[We have the following announcement.]
2015-16 Symposium on Comparative Early Modern Legal History: Anglicization of Law and through Law: Early Modern British North America, India, and Ireland Compared, Friday, April 8, 2016, Newberry Library, Chicago
Organized by Jane Ohlmeyer (Trinity College, Dublin), Richard Ross (University of Illinois at Urbana-Champaign), and Philip Stern (Duke University)
Scholars have long asked whether and how English settlements in North America, India, and Ireland converged towards metropolitan models, or anglicized, over the seventeenth and eighteenth centuries. This question has commonly been asked about each region separately. Our conference poses the question comparatively—and from the perspective of legal history. We want to study the comparative anglicization of law and the anglicization of society through law in different portions of the English empire. To this end, we are interested in the following sorts of questions: To what extent does the notion of “anglicization” make sense in the dissimilar contexts of early modern North America, Ireland, and India? What value does the concept have as English law adapted to and conformed with extant legal systems from Belfast to Boston to Bombay? How did local material, demographic, and ideological environments shape the meaning of anglicization? How did imperial officials, settlers, merchants, and indigenous leaders, from their distinct perspectives, treat anglicization as a goal to be advanced, reworked, or resisted? In what ways did each region serve as a laboratory for ideas and policies about anglicization that were later exported to other regions, and there reshaped? The conference will bring together law professors, historians, and social scientists to think about a comparative legal and social history of anglicization across the dispersed early modern English empire.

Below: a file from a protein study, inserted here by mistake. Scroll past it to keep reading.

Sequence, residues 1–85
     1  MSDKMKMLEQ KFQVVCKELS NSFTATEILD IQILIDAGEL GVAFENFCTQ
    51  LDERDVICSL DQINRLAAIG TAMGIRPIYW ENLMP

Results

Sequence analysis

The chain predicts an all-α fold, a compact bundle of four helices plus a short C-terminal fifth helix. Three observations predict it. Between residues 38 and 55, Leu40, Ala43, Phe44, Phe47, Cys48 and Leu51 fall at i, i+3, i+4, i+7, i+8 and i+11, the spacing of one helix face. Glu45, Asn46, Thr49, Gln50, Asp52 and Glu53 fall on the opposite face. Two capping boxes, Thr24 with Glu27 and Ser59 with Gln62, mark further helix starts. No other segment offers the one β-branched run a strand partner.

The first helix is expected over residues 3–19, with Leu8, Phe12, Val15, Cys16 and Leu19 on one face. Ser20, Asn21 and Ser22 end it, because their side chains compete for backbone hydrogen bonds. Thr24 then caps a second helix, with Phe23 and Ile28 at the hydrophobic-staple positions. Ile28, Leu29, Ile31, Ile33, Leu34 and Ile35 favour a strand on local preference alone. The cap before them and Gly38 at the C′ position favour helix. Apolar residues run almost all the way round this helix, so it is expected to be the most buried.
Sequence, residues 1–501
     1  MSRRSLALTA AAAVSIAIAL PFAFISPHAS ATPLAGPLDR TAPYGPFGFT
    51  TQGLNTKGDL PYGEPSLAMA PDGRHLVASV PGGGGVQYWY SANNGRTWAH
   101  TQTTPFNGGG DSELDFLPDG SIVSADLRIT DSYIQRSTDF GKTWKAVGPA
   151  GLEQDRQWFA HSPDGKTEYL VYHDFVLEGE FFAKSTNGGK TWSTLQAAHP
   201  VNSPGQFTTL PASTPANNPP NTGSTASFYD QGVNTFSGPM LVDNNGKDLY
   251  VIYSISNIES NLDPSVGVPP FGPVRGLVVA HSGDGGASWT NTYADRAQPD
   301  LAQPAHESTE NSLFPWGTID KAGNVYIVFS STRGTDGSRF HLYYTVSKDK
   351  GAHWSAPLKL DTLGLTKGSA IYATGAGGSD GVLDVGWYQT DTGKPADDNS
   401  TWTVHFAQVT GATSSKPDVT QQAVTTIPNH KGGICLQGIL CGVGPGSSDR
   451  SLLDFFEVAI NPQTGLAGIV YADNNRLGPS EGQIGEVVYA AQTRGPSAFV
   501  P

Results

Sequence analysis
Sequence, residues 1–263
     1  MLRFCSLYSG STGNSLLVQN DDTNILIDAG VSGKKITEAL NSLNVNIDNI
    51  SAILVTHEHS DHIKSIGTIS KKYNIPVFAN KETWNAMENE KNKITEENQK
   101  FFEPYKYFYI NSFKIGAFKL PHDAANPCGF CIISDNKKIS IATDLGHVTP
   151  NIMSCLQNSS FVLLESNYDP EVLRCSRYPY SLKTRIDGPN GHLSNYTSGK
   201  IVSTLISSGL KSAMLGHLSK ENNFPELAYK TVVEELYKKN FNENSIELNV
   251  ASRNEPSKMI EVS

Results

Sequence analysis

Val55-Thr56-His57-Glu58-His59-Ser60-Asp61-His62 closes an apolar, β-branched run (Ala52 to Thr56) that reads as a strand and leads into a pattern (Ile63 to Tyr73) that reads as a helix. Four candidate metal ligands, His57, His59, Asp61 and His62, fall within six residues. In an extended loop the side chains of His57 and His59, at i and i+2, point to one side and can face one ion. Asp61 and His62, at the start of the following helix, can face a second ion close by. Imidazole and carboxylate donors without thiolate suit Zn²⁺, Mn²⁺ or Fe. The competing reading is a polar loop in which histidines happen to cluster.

Speakers and commentators [here.]
The Symposium on Comparative Early Modern Legal History gathers to discuss the comparative legal history of the Atlantic world in the period c. 1492 to 1815. The one-day symposium brings together law professors, historians, and social scientists to explore a particular topic in comparative legal history, broadly understood. We traditionally meet at the Newberry Library in Chicago. The symposium is overseen by Professor Richard Ross. Funding has been provided by the University of Illinois College of Law.
H.t: Legal Scholarship Blog